Priorities

By Amy Knight

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The House We Live In: A Series on Building the Sustainable Home in Tucson, Arizona

 

There are really two parts, aren’t there? There’s the building–the process and the materials, as one aspect–and, largely separately, the impact of its systems once the thing is built, mainly power and water. It would be entirely possible to attend to only one of these. You could build a standard house, with all kinds of resins and composites and non-sustainable woods and materials flown halfway across the world from factories spewing pollution but make it electricity- and water-neutral as it stands when finished. Or you could build a house out of materials sourced for as little impact as possible, salvaged fixtures, recycled countertops, the whole nine yards, but leave out the PV panels and the rain harvesting system. They’re both good projects. They’d both fall under the umbrella we’d probably call “green.”  

And this is where the elephant that’s been hanging around this conversation for months now pokes his floppy ears in, and says: How much does it cost? It’s no secret that specialized sustainable materials often cost more than standard materials, and water harvesting and solar panels are entire systems that would otherwise be absent from the house (and the bill). Of course these things can save money over time, with power and water bills. But just how much, whether and when they’ll pay for themselves, are tough to figure, with new construction whose energy needs are untested and, here in Tucson right now, an uncertain regulatory climate.

I have focused largely on making the house run green. Although I have made some choices guided by sustainability of materials, my primary interest, at the outset and moving forward, has been in ending up with a product that won’t drain natural resources more than necessary just by existing once it’s built. I probably focused on that to the neglect of the other component. Now, as I’m starting to face getting the budget firm, I have choices to make. Is the extra spend for recycled countertops worthwhile? The current plans include several things like that that I put in there because they exist, because there’s talk about them, marketing, because people ask, or assume that a green house would include such things, and I would feel like some kind of failure or fraud to say, well, no, actually, just regular old countertops. Just normal paint.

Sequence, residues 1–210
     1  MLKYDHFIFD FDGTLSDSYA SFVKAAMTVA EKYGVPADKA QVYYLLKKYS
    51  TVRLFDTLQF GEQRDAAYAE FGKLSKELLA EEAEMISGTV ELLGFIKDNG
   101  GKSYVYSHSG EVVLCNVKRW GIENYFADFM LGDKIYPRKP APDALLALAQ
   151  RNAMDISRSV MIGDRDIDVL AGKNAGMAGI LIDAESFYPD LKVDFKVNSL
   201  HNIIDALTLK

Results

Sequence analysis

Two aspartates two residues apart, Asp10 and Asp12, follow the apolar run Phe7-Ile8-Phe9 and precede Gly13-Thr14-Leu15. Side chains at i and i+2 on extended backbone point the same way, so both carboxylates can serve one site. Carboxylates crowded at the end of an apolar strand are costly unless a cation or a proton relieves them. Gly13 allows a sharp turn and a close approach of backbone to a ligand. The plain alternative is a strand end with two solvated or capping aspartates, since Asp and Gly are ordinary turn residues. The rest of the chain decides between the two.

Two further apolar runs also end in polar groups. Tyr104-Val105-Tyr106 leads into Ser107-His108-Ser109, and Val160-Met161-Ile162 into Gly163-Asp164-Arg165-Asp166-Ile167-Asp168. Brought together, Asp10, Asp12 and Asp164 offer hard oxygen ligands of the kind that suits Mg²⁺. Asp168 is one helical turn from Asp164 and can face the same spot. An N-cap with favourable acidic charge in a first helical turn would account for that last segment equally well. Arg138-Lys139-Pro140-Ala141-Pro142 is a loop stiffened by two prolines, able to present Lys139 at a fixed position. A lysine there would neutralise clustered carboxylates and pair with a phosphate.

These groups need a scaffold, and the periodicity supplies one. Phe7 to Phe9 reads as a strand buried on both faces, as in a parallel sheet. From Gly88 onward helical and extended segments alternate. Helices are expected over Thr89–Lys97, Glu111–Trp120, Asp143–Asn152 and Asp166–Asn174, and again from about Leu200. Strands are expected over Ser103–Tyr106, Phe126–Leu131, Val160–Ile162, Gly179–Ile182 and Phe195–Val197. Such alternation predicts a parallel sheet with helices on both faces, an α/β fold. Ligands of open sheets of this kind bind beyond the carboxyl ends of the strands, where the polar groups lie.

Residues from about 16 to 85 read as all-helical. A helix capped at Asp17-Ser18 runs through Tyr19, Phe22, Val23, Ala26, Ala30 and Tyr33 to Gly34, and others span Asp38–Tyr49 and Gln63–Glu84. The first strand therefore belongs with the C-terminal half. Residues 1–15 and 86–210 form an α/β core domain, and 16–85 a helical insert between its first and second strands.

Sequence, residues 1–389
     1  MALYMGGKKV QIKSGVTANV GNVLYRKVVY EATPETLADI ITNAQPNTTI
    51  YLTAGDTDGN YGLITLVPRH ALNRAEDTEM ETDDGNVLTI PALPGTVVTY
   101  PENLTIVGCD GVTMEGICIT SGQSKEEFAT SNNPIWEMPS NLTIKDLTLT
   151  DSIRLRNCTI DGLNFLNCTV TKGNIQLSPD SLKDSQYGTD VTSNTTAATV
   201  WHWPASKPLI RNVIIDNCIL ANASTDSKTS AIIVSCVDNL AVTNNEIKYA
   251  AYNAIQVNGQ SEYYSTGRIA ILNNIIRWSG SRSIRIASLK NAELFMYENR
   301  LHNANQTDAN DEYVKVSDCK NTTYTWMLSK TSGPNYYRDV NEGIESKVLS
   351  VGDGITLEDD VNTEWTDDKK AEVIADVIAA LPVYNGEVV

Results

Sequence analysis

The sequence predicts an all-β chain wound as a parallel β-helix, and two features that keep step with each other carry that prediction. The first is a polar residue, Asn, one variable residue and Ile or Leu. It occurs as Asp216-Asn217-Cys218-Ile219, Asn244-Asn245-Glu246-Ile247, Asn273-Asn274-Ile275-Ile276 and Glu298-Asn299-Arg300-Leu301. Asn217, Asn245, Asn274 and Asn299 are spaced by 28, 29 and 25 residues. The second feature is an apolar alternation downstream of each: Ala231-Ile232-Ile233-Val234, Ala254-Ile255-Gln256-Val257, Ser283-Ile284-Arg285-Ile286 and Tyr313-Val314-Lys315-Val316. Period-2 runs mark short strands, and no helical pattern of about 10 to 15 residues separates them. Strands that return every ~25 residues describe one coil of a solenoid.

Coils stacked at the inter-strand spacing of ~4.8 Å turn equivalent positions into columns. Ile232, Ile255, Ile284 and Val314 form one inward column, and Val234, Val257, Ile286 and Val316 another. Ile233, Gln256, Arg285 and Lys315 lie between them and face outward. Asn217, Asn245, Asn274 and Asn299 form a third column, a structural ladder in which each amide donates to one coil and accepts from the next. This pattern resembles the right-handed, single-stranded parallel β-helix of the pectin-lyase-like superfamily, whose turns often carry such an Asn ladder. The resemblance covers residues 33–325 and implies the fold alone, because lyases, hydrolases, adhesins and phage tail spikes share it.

Those are of course the wrong reasons to make these choices. It goes back to the kind of eco-vanity I’ve explored in the past, visible gestures versus actual utility. Am I deeply interested in sustainable sourcing? Turns out no, I’m really actually not. I care in theory–and I want world peace–but it isn’t the part that excites me and feels most important. There. I’m admitting it.

I care about how the house works. And if I can get lower-impact materials for a reasonable cost, I will buy them. But we all have to come to terms with our priorities. There hasn’t been a lot of visible progress on the project recently mostly because we decided to send the project out for pricing now, before all the final details were added to the drawings. Why draw details of things it turns out we’re not going to be able to build? But the final choices are coming.

 

 

Amy Knight is the fiction editor for Terrain.org. In this weekly blog series, she chronicles the process of designing and building an eco-friendly house in Tucson, Arizona. The series will explore both how it’s done and what it means, from the perspective of someone who wants to do the right thing but knows almost nothing about sustainable building. Look for new posts every Monday. You can email Amy at amy@terrain.org or leave a comment here.

Image of wood hearts courtesy of Pixabay.

Terrain.org is the world’s first online journal of place, publishing a rich mix of literature, artwork, case studies, and more since 1997.